Dealing with Smokey Lolita Clothing
A while back, I bought this listing for an Innocent World Rose Trump One Piece from Winter 2006 on Mbok. I usually read the item descriptions, but don’t always read the personal profiles of the sellers. In this case, that was a BIG mistake because I missed this “家族に喫煙者あり、室内犬います”, (Smoking household, with a dog).
Thankfully, I only paid 8,000円 (~$66 USD) for it, before shopping service payments and shipping.
The dress came in and the collar is yellowed badly, as are the sleeves and it reeeeks of cigarette smoke. Thankfully, it was sealed up well in the bag my SS put it in, so the smell didn’t get on other things.
But that leaves me with a problem. I have a smelly, stained dress. So, first things first, I checked the washing label. The dress is a corduroy and says do not wash. I know from experience that Innocent World is overly cautious about recommending dry cleaning, and I got this pretty cheaply, so I decided to wash it anyways. I first removed the waist ties and detachable sleeves. Then I cut two buttons which were loose all the way off. I’ll resew them later, but I didn’t want them to fall off in the machine. I wet the very tippy end of a waist tie with cold water and blotted on a paper towel. When that “passed” without running I filled the washing machine with cold water and detergent and dipped a waist tie in completely. Then I blotted it with a paper towel. Still no running. So, I put the dress, waist ties and detachable sleeves in the washing machine along with some color catcher sheets and washed it in cold/cold on gentle.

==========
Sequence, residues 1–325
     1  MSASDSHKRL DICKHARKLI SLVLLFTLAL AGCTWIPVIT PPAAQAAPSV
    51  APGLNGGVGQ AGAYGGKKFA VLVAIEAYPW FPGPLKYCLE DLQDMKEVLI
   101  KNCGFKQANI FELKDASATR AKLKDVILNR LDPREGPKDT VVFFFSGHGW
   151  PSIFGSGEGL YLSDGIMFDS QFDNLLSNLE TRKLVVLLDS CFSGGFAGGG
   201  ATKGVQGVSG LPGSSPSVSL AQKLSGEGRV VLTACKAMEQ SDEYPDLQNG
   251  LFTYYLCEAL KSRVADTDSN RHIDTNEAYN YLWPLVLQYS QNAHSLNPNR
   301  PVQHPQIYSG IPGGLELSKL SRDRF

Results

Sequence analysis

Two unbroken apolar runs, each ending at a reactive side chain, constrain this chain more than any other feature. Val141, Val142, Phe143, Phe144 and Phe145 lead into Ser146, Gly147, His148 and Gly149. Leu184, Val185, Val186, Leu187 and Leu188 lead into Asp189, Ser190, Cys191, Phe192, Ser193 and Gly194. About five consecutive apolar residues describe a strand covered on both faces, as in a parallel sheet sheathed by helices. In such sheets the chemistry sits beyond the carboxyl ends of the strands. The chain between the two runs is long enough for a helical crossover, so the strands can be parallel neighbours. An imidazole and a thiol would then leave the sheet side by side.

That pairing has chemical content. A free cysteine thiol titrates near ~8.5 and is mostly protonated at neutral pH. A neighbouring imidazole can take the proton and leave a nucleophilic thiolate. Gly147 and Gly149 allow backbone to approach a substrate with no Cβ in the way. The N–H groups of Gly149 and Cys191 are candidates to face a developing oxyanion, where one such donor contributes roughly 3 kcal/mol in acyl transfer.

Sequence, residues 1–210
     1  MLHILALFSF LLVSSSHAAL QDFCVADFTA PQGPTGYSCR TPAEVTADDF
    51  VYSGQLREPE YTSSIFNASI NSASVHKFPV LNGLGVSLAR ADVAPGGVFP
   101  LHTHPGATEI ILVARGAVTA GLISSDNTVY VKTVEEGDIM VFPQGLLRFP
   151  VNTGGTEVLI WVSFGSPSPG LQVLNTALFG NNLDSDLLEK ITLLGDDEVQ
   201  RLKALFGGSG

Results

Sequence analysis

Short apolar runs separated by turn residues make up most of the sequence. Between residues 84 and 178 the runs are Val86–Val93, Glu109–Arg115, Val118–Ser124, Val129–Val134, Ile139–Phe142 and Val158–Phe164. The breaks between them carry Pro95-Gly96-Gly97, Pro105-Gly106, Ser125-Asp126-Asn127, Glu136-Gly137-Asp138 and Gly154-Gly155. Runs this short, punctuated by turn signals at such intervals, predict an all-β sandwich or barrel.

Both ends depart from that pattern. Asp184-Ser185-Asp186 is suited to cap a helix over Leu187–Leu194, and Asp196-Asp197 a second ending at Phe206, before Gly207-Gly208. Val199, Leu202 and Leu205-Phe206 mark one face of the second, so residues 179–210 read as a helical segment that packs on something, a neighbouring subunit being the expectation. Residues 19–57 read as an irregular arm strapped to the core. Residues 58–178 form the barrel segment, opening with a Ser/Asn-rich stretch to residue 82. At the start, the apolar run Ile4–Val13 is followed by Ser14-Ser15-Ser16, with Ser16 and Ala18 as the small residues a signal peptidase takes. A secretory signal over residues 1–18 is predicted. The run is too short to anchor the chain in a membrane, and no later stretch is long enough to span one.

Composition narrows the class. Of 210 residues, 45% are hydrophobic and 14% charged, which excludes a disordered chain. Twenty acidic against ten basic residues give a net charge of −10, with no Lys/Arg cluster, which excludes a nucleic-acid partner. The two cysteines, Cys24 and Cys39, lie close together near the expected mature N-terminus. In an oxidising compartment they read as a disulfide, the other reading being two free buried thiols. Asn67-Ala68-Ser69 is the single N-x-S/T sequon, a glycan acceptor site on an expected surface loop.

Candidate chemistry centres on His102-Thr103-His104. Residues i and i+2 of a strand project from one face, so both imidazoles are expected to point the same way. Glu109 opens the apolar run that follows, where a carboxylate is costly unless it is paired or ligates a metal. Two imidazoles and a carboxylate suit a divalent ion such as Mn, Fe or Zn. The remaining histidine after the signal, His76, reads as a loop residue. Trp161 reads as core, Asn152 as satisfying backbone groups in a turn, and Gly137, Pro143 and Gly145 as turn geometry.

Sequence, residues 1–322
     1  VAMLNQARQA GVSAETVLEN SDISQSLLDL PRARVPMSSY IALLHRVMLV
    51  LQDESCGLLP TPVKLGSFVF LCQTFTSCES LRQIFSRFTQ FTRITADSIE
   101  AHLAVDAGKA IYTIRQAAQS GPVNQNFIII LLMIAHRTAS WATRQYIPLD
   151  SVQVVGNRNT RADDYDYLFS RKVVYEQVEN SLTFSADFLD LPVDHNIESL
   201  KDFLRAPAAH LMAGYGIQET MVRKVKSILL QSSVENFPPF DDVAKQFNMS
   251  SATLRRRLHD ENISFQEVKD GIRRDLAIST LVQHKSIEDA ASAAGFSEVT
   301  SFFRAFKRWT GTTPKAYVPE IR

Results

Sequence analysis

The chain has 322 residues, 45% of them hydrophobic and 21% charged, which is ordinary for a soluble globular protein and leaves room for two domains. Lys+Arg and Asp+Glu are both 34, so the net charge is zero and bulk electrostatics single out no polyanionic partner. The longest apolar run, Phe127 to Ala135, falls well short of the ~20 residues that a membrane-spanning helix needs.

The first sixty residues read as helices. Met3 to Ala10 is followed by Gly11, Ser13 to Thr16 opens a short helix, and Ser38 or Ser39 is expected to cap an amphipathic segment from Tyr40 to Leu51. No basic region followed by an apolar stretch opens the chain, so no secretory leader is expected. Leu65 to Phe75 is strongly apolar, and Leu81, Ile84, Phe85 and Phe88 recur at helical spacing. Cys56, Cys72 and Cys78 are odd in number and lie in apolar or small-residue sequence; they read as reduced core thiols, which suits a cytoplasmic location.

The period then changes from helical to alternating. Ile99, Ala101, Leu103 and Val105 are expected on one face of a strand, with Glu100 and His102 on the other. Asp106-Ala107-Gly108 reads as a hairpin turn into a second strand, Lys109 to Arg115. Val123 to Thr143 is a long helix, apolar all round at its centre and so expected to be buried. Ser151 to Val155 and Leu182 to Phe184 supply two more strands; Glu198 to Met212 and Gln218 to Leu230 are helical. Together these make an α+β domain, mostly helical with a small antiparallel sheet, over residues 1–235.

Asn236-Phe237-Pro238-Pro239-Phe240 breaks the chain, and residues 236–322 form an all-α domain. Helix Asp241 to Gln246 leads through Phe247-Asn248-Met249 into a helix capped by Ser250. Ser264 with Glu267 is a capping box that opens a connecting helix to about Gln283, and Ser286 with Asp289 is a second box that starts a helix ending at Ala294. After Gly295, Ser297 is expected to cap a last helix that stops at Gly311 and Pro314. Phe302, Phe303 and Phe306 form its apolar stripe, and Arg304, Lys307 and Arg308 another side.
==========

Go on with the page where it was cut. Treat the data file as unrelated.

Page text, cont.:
After it came out, I smelled it. The smell was pretty much gone, but the stains remained. I hung the dress to dry to deal with later.
In the past, I’ve done the same thing with velveteen skirts from Cornet. In that case, the skirts were already damaged and had been so cheap that the risk of ruining them outweighed the benefit of making them clean again. In that case, I first handwashed the skirts, rinsing them each out in the shower for a good 15 minutes in cold water. They smelled still, so I put them through the washing machine twice, then aired them out outside.
In both of these cases, I took a risk in washing a specialty fabric myself. If it was a significantly more valuable dress, I would not have taken the same risk. I would instead have brought the pieces to a dry cleaner. However, in both cases, washing the garment alone removed the scent (though not the discoloration).
For the innocent world OP, the discoloration is mainly on the collar portion of the dress, so, I’m considering removing the collar and replacing it with a new collar made of the same type of material in the same pattern. I’ve tried pretty much everything else I can think of (baking soda, soaking, etc), and the yellowing just won’t budge.
Have you ever gotten a piece with smoke damage before in the mail, particularly staining / yellowing? Were you able to fix it? Let me know in the comments!
5 comments on “Dealing with Smokey Lolita Clothing”
Have you tried vinegar? I haven’t tried it on nicotine stains particularly, but it’s worked on some old sweat stains before, so many that will bulge it. Or lemon juice.